Not sure how scoring works, but that gave me a 143.

Looking at the sample answer given in study material, the scorers like a lot of bull shit and do not care about flow or sentence structure or even answering the specific question posed. Did I flower my answers with artists who influenced me? No, because that was not asked. Did I throw in a period of art history that my work could fit into? No, because that was not asked. Guessing I should have though.

Now I have a few options:

1. Pay $55 to have the score verified. This means someone makes sure the score reflects the scoring rules. That would probably just leave me back where I am now: failing.

2. Take Art Making again and hope I get at least a 154, eleven points more, to get the minimum 322 required.

3. Take BOTH the Art Making AND the Art: Content Knowledge (2 hour multiple choice test which I finished, along with many others, in 1 hour) exams in hopes of raising BOTH scores to get over the 322 minimum score.

I'm leaning towards option 3. The bad news is it will cost $200 to do that. Education is NOT cheap. The good news is I got a waiver the first time I took the Praxis and only paid $80. So, really I took the Content Knowledge for free the first time and now I'm paying for it like most people have to do anyway. In taking it again, I'll prepare even more and really review architecture and famous artists.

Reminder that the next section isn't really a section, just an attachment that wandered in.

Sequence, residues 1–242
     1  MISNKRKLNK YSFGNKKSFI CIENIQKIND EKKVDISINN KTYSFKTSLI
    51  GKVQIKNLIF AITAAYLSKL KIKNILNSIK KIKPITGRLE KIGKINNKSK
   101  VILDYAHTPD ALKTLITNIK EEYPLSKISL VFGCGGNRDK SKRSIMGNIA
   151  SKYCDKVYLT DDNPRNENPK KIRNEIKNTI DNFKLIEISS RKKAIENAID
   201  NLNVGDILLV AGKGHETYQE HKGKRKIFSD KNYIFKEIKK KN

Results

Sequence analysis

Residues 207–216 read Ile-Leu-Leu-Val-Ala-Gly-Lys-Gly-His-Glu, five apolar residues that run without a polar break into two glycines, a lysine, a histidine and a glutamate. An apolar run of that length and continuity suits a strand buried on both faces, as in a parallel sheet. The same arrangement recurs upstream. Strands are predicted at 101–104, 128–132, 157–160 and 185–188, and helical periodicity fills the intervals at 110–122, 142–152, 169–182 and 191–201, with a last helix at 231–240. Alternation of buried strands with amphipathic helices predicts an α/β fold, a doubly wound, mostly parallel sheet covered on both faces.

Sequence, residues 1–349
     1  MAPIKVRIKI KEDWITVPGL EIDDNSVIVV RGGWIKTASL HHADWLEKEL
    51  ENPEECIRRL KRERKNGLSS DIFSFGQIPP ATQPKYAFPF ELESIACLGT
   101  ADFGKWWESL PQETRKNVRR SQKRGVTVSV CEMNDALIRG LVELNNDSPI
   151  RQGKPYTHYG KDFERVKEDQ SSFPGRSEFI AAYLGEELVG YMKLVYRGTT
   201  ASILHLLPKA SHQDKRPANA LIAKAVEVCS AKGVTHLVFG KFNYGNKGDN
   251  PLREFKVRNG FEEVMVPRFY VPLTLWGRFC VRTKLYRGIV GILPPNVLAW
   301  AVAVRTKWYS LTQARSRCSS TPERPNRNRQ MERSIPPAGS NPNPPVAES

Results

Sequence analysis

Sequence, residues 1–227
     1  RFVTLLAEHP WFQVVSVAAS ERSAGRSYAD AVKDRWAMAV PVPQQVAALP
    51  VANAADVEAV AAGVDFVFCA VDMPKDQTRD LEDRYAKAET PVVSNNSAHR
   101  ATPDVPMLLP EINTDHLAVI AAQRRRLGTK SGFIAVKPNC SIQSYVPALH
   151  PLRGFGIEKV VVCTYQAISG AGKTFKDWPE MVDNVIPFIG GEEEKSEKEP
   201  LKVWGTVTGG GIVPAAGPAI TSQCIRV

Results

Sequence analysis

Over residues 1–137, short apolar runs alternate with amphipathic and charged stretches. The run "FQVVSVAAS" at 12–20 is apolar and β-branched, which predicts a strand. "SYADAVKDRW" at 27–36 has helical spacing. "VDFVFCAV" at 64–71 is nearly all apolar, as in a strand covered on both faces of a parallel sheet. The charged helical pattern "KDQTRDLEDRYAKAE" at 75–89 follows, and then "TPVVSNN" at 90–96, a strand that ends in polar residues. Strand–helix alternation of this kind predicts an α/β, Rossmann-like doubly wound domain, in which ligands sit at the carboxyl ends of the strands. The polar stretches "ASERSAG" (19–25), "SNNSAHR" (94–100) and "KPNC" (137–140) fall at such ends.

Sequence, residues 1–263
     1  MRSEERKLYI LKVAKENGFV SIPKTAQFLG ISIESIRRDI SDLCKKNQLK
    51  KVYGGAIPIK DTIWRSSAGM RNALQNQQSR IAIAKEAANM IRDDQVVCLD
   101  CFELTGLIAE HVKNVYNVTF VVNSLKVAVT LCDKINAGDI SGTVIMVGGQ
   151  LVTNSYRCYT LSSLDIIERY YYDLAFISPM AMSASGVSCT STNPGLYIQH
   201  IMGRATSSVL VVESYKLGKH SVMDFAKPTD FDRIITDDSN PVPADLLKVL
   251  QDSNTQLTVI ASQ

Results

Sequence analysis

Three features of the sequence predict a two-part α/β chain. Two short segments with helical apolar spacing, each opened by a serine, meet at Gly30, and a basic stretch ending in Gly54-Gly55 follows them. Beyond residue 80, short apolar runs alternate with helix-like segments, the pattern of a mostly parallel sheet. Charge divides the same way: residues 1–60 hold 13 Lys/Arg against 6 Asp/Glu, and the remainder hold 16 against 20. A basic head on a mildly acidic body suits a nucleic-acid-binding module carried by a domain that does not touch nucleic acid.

On my Praxis score booklet my Praxis I scores are listed. I took that test in April 2002. I passed each of the three sections (Reading, Writing, Math) for both NC and MD minimum score requirements. I was surprised at the time that my Writing score was lowest of the three. I'm not a superb writer, but I am organized and generally have excellent grammer. Is excellent too strong a word? I'm not sure where my test was scored or by whom. The scores came from Princeton, NJ. Scorers just don't think highly of my writing.

W is also planning on teaching, though he'll be taking an alternative route since his degrees are in History and Sociology and not education. He still has to take the Praxis I and II. The Content Knowledge test should be a piece of cake for him. However, the essay test, titled Pedagogy, is odd to him. Since he's never taken an education class he doesn't understand how teaching is viewed as a science. Well, it is. The essay test gives specific history topics, such as The Cold War, and asks the test taker to give the main topic he will teach and reasons why. Then it asks for subtopics and reasons why. I still think he should be able to do well on the test, because he knows history very well and can write well. Really, not having studied lesson planning might help him to just focus on the questions at hand rather than think about structure of lesson plans.

When I was a kid, I knew my husband and I would be teachers. Don't remember when I thought that, but I did. I will definitely branch out and do other "careers" in my life and I think W will as well. I'm pretty excited to teach and I'm starting to look forward to student teaching. It will keep me busy and get me prepared for jumping into a classroom mid-year (I'm praying) since I graduate in December. I have a few Ts to cross this summer, one being passing the Praxis. I also have to do a completely rediculous online education portfolio, though I suppose I will show it to school systems to which I apply. The last thing I have to do is make sure a couple classes are allowed to be substituted from other schools. For some reason teachers don't call me. I have to find them.